An Exhibition Evoking German Angst
Carsten Fock engages with memories of a war-traumatized Germany, a country ill at ease with its own history. Indeed, the West as a whole was acutely uncomfortable with any allusion to the glories that were once Germany. Its heroes, music, architecture and philosophers had been co-opted by nefarious forces. As a result, practising artists found themselves culturally orphaned. This situation yielded a fantastic basis for a critical arts culture, vigorous and vibrant in its moment but undermined and destabilized by the absence of roots.
It was visual artists who first demanded the reinstatement of history by reintroducing neo-expressionism and conceptual art. They used the symbols and icons of the past with resolute pride. They addressed the national complexes inherent in the individual German, and provided a release valve for the insecurities and shame that gnawed at the hearts of ordinary people.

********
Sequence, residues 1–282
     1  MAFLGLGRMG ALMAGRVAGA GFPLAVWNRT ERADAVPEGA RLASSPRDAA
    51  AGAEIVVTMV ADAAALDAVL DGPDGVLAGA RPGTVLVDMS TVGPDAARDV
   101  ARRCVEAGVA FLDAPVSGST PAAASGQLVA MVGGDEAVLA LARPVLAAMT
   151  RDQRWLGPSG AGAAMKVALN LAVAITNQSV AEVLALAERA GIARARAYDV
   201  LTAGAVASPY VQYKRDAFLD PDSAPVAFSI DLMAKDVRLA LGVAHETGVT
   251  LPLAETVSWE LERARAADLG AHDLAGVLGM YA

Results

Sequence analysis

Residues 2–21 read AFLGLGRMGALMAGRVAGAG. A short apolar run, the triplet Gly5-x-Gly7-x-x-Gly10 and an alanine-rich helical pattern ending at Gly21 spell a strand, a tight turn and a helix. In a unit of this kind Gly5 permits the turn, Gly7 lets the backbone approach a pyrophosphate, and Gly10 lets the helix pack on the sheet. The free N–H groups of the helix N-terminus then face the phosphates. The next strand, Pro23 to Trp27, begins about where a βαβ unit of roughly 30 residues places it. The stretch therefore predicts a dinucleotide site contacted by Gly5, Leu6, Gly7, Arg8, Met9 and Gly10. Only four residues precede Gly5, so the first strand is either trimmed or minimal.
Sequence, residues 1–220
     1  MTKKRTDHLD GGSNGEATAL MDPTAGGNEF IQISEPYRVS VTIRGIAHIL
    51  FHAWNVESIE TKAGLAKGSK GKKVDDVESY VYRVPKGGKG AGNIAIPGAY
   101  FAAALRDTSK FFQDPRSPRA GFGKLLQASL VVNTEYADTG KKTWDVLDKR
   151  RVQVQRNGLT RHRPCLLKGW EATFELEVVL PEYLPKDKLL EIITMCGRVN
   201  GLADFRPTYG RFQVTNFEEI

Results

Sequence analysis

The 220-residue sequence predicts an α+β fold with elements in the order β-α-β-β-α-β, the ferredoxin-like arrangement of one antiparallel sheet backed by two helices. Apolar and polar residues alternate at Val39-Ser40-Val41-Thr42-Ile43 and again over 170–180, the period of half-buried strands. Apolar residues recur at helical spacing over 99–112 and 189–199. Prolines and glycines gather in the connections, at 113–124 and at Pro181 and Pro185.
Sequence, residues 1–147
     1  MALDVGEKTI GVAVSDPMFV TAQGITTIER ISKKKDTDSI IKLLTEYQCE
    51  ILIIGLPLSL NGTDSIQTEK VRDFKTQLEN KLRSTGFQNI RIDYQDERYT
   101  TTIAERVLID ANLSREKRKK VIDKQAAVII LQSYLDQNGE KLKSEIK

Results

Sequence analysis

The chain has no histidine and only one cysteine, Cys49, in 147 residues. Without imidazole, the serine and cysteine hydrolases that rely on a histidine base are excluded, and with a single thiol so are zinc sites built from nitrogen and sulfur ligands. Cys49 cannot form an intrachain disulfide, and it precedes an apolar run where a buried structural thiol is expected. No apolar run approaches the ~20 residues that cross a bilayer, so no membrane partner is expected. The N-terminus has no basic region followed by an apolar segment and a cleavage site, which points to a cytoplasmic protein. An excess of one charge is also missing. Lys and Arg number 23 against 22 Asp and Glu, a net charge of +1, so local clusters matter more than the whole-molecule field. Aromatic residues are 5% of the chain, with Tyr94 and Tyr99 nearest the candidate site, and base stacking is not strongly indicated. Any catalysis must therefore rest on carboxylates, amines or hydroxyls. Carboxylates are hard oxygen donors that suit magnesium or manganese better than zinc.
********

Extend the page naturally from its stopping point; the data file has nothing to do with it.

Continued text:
Angst is still part of German history. It could not and cannot be otherwise. But that history must not be locked away.
Carsten negotiates and reworks his angst in Mallorca: he has been a regular visitor to the mountain village of Sa Coma near Andratx for the past five years. Most of the pieces on display were created there while the remainder were made in Vienna.
*"Glückauf!" is a word German miners have used since the sixteenth century to greet each other. We might simply translate it as "Good luck!" but it signifies much more. Mining was a risky occupation, and not all who went down into the mines returned to the surface. "Good luck!" - at once prosaic and poetic - enshrines both the belief in a shared future and the angst associated with the fear of loss. The soul of the German nation encapsulated in a simple little salutation.